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Learning goes remote for local students in response to COVID-19

By Shepparton News

Greater Shepparton students will be educated from home when Term 2 starts next week in efforts to stem the spread of coronavirus, the Victorian Government announced this morning.

Minister for Education James Merlino said all Victorian government primary, secondary and special schools will shift to remote learning as of next week.

Free internet access and laptops will be on offer for vulnerable local students.

“Every child that needs a laptop or a tablet will receive one,” he said.

“Schools will work individually with families to work out the needs of their children.”

Greater Shepparton Secondary College has asked families to register their interest for laptops via Compass.

Mr Merlino also assured year 12 students would finish the year and will receive an ATAR.

“There will be no need for a Year 13,” he said.

“This year will look different, but VCE and VCAL will conclude.”

However, there will be a number of changes to the academic timetable for both VCE and VCAL students.

The GAT test will be shifted from June to October or November, while end of year exams will be postponed until at least December.

School-based assessment tasks will also be cut where possible to ease pressure on local students as they adjust to remote and flexible learning arrangements.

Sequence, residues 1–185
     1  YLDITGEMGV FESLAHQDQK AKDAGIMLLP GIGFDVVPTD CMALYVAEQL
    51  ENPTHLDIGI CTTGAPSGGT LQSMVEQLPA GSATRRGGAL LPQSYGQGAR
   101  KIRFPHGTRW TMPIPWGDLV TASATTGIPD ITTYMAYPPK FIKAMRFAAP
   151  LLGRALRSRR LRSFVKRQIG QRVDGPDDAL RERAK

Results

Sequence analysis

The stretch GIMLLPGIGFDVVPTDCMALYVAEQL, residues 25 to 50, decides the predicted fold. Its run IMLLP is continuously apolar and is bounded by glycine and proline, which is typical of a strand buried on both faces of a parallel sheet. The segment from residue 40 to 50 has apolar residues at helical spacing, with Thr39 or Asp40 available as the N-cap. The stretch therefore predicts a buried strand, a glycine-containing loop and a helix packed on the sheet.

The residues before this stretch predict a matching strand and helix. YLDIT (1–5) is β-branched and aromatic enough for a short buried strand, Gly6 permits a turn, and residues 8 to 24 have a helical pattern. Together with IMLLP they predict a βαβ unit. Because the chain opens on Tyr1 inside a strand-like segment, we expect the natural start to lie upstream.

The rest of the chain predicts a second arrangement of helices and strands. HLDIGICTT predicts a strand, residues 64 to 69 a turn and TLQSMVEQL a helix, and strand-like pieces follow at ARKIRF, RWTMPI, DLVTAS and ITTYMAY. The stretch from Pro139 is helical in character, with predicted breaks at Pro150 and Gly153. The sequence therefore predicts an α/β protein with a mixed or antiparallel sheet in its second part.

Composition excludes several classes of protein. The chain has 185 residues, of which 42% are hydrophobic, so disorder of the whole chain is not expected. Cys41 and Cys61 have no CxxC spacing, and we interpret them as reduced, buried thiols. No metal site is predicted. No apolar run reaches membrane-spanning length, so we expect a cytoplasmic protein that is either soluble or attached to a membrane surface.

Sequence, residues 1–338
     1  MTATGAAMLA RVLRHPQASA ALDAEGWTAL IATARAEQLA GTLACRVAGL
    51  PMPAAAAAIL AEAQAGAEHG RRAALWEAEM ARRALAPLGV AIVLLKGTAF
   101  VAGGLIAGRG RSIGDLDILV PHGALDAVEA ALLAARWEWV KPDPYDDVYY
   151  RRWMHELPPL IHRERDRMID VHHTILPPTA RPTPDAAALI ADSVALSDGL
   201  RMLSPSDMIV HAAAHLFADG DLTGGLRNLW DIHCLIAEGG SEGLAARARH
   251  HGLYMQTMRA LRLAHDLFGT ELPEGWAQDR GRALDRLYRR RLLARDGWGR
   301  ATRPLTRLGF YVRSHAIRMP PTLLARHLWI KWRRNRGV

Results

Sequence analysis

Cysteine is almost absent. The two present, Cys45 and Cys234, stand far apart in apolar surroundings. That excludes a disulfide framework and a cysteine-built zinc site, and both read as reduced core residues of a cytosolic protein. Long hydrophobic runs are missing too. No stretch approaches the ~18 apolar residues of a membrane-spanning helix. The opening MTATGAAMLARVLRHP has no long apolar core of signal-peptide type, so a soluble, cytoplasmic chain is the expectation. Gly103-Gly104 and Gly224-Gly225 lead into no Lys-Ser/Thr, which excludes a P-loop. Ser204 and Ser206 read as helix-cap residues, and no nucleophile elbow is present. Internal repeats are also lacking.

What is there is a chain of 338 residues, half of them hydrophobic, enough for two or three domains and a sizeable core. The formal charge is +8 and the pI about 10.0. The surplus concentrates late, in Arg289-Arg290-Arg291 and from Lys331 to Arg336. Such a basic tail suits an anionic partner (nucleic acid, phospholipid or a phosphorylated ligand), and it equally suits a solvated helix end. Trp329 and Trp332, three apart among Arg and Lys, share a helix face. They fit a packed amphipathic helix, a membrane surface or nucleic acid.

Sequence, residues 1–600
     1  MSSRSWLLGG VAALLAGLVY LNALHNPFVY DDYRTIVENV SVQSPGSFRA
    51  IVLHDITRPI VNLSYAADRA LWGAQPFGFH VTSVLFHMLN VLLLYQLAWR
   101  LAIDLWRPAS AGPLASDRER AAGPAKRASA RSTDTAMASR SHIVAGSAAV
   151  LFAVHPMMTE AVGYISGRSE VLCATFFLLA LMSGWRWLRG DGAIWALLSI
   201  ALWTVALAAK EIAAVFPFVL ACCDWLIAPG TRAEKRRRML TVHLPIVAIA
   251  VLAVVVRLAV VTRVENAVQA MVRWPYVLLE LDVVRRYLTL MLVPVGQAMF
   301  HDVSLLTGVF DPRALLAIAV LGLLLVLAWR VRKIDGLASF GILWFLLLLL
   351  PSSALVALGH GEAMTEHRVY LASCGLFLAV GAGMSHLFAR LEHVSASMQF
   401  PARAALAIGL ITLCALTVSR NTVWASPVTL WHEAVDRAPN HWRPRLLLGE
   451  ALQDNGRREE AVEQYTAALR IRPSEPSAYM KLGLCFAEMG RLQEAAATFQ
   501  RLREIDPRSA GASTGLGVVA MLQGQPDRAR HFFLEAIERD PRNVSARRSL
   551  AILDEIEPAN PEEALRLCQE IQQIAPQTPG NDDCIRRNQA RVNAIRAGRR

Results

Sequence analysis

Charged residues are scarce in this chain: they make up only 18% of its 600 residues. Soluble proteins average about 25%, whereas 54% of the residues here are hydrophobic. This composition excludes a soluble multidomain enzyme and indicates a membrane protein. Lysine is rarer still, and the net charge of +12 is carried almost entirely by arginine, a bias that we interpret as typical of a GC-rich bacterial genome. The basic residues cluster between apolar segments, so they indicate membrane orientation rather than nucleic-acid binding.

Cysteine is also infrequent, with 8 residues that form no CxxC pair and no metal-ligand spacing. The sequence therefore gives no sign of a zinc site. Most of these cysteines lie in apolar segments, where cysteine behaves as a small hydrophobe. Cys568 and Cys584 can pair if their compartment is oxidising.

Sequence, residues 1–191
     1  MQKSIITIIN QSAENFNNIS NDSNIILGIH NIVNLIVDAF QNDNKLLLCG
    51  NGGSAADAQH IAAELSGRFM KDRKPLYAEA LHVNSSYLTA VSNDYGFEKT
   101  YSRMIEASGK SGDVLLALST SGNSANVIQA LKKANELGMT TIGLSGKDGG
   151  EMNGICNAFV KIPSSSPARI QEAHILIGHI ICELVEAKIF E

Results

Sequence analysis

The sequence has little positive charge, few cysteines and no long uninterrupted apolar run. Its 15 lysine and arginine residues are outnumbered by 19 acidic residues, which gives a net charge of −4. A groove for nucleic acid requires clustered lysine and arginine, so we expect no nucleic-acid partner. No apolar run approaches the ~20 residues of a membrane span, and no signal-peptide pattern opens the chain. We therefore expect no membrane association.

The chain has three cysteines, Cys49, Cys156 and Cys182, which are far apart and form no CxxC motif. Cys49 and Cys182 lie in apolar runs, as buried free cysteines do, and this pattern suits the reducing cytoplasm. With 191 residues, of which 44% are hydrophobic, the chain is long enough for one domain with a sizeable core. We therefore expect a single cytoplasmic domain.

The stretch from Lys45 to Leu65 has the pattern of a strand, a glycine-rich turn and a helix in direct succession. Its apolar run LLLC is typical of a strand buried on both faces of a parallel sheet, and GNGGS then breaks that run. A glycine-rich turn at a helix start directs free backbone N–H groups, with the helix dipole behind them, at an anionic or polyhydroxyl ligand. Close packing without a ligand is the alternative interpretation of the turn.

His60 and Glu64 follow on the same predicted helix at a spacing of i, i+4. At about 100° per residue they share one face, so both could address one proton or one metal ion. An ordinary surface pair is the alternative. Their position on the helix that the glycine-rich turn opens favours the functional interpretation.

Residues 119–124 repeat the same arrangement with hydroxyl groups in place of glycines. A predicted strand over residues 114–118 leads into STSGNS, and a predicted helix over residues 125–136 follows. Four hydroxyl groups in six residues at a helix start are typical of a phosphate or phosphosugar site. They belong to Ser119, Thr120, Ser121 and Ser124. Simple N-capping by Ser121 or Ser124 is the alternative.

Universities will be asked to delay the start of the 2021 university year to account for the impact of COVID-19 on senior secondary students.

VCE study scores will be derived from a mixture of school-based assessment and external exams.

VCAL students will have more time to complete their courses, consistent with the revised dates for the VCE.

The Victorian Curriculum and Assessment Authority (VCAA) is also examining a compressed end-of-year exam schedule.

This will include the “slight shortening” of each exam in recognition of disruption caused by the pandemic.

A small number of students undertaking VET may have the award of their VCE or VCAL delayed until the beginning of 2021 so they can complete mandatory practical or workplace learning requirements - ensuring they are not disadvantaged by the lack of hands-on practice amid the coronavirus crisis.

Mr Merlino said the government had a “plan B” for Year 12s if disruptions were to extend to the end of the year.

He said some alternate options included deriving the ATAR from the GAT test, school based assessment, or Year 11 results.

The Victorian Government said its message to students and parents of government schools was clear - all children who can learn at home must learn at home.

On-site learning will only be made available for children whose parents can’t work from home and vulnerable students without access to a suitable learning environment at home.

Small groups of VCE and VCAL students can also attend on-site for short stints if their learning requirements cannot be conducted at home.

Physical distancing provisions will be made for the safety of these teachers and students.

To ensure more students can learn from home, the government has pledged it will loan more than 6000 laptops and tablets to students who don’t have access to digital technologies.

Schools will also distribute other classroom devices such as required.

The State Government will also deliver free dongles or SIM cards to thousands of government school students who need them the most.

This includes an agreement with Telstra to provide 4000 SIM cards for government primary and secondary school students.